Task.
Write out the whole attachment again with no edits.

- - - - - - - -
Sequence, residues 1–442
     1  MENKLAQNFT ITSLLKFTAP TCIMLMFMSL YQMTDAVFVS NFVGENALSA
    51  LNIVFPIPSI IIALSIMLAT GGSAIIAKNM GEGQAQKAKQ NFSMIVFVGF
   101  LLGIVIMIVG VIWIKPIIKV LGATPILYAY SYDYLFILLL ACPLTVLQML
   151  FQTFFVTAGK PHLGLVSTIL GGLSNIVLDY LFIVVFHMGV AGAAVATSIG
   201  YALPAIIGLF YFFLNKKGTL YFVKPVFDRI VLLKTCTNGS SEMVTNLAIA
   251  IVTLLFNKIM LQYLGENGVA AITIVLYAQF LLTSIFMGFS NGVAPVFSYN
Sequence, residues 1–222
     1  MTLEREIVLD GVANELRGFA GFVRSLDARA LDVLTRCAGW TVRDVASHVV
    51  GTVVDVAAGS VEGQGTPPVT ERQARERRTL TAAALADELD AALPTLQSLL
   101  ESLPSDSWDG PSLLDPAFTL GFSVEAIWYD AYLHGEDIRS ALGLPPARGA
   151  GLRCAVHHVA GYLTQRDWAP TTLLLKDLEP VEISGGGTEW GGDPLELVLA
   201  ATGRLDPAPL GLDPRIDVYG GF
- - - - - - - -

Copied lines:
Sequence, residues 1–442
     1  MENKLAQNFT ITSLLKFTAP TCIMLMFMSL YQMTDAVFVS NFVGENALSA
    51  LNIVFPIPSI IIALSIMLAT GGSAIIAKNM GEGQAQKAKQ NFSMIVFVGF
   101  LLGIVIMIVG VIWIKPIIKV LGATPILYAY SYDYLFILLL ACPLTVLQML
   151  FQTFFVTAGK PHLGLVSTIL GGLSNIVLDY LFIVVFHMGV AGAAVATSIG
   201  YALPAIIGLF YFFLNKKGTL YFVKPVFDRI VLLKTCTNGS SEMVTNLAIA
   251  IVTLLFNKIM LQYLGENGVA AITIVLYAQF LLTSIFMGFS NGVAPVFSYN
Sequence, residues 1–222
     1  MTLEREIVLD GVANELRGFA GFVRSLDARA LDVLTRCAGW TVRDVASHVV
    51  GTVVDVAAGS VEGQGTPPVT ERQARERRTL TAAALADELD AALPTLQSLL
   101  ESLPSDSWDG PSLLDPAFTL GFSVEAIWYD AYLHGEDIRS ALGLPPARGA
   151  GLRCAVHHVA GYLTQRDWAP TTLLLKDLEP VEISGGGTEW GGDPLELVLA
   201  ATGRLDPAPL GLDPRIDVYG GF